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Case Law - Enforcement

Champir, LLC v. Fairbanks Ranch Assn.

(2021) 66 Cal.App.5th 583 Civil Code Section 5975 allows the prevailing party in an action to enforce the governing documents of a common interest development to recover reasonable attorney's fees and costs. This right persists despite the voluntary dismissal of such an action. Prevailing party determination under the Davis-Stirling Act requires the trial court to compare the relief awarded on the claims with the parties' demands on those same claims and their litigation objectives as disclosed by the pleadings, trial briefs, opening statements, and similar sources.

Haley v. Casa Del Rey Homeowners Association

(2007) 153 Cal.App.4th 863 Relying on Lamden v. La Jolla Shores Clubdominium Homeowners Association (1999) 21 Cal.4th 249, the court held that the association had discretion to select among means for remedying violations of the CC&Rs without resorting to expensive and time-consuming litigation, and the courts should defer to that discretion in a case involving homeowners who brought an action against the association and other owners for, among other things, encroachments into the common area.  See also, Beehan v. Lido Isle Community Association (1977) 70 Cal.App.3d 858.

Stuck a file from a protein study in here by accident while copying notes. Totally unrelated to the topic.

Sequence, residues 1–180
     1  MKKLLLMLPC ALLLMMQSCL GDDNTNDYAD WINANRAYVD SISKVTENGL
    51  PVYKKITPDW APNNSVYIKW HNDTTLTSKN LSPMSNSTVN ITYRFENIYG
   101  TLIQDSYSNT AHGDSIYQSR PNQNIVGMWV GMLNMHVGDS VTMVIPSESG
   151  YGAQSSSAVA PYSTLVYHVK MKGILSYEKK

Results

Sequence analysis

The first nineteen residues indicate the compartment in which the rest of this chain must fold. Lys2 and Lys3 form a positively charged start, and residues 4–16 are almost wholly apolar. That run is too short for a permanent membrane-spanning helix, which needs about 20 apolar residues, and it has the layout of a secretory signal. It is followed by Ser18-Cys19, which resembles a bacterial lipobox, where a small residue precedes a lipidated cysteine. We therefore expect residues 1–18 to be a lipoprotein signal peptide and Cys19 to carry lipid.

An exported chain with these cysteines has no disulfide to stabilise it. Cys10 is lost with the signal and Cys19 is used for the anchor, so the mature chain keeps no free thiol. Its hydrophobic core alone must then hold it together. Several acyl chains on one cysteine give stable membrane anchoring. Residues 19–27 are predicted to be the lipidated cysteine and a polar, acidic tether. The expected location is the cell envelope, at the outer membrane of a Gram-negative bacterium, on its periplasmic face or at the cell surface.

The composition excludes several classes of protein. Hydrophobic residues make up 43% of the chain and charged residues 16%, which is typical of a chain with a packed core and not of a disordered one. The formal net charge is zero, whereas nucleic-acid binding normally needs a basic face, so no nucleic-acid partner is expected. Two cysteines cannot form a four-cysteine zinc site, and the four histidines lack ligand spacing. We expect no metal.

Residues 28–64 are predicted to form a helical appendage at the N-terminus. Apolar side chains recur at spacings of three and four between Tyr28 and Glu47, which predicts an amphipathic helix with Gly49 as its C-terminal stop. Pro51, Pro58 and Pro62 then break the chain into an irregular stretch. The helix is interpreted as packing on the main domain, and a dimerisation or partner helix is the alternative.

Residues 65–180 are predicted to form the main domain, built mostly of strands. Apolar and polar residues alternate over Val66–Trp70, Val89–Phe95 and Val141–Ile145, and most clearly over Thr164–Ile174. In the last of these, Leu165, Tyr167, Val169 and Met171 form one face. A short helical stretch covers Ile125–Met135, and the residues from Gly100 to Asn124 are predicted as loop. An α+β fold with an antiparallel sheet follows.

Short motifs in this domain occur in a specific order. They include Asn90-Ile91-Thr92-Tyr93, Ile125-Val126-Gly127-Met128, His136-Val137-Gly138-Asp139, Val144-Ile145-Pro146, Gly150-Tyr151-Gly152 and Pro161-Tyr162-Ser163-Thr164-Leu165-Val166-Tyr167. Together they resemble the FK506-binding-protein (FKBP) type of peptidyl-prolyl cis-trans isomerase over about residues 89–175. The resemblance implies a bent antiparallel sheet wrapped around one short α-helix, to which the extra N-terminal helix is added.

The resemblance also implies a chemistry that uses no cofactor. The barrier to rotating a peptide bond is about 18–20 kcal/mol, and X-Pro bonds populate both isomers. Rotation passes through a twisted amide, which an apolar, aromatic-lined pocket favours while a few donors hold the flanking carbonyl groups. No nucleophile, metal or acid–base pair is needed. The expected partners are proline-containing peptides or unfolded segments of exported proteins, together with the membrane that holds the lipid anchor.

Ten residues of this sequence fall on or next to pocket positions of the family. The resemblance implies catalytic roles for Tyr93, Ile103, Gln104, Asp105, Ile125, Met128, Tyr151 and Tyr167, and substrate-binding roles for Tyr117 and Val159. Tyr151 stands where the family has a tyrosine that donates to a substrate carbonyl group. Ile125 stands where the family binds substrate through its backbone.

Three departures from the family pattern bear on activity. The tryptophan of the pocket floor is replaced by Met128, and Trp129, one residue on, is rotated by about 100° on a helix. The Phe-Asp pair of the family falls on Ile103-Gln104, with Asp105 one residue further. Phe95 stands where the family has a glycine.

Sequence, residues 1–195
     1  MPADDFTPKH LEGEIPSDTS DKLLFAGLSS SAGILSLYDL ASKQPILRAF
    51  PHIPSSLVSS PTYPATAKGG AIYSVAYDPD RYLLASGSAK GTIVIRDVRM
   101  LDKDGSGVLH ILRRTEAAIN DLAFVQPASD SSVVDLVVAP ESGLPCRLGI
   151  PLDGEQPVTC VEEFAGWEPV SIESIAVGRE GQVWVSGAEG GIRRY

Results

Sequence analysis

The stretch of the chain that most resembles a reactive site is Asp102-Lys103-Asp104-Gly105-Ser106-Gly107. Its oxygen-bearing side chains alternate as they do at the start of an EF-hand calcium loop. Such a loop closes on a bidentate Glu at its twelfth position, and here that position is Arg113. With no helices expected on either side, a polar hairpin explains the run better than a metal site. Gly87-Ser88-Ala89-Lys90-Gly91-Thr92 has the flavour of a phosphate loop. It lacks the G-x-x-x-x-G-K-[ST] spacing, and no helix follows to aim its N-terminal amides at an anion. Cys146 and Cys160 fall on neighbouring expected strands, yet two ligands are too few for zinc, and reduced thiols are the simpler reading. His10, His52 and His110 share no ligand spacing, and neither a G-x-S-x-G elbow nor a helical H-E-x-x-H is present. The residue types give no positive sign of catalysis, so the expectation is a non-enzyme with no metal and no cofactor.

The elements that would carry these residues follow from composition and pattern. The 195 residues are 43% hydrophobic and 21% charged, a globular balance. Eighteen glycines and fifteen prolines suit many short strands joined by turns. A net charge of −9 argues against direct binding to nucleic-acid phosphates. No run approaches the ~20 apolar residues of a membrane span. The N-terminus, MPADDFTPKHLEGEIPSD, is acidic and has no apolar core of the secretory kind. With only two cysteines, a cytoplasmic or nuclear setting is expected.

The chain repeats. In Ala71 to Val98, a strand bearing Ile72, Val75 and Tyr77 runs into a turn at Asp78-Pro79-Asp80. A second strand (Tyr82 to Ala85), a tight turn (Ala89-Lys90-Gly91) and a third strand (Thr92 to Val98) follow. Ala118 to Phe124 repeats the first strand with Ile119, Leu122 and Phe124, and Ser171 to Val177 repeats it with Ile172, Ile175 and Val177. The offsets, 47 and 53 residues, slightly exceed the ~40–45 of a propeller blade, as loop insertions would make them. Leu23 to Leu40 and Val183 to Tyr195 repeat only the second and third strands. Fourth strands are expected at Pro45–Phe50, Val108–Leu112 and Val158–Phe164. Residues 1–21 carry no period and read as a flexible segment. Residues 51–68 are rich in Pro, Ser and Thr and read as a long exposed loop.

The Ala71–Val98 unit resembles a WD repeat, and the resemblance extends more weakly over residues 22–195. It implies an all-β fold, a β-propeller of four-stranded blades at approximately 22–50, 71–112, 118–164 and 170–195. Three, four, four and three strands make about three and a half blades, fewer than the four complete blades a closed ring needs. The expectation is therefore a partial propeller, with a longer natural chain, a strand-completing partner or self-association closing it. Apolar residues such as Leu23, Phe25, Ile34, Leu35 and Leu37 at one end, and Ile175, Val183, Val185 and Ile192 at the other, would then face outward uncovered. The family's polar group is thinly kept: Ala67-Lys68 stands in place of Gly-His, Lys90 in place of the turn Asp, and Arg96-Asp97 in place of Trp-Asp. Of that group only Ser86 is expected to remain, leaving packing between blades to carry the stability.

Villa De Las Palmas Homeowners Association v. Terifaj

(2004) 33 Cal.4th 73 According to the California Supreme Court, a use restriction duly adopted by an amendment to the CC&Rs after an owner acquires his unit is enforceable against that owner through an injunctive relief action, even though the owner disagrees with the amendment. 

Nahrstedt v. Lakeside Village Condominium Assn.

(1994) 8 Cal.4th 361 According to the California Supreme Court, CC&R restrictions are presumed reasonable and will be enforced uniformly against all association members unless the restrictions are arbitrary, impose burdens on the property that substantially outweigh the restriction's benefits to the development's residents, or violate a fundamental public policy.

Ironwood Owners Assn. IX v. Solomon

(1986) 178 Cal.App.3d 766 An association must follow its own internal disciplinary procedures before seeking relief in court.


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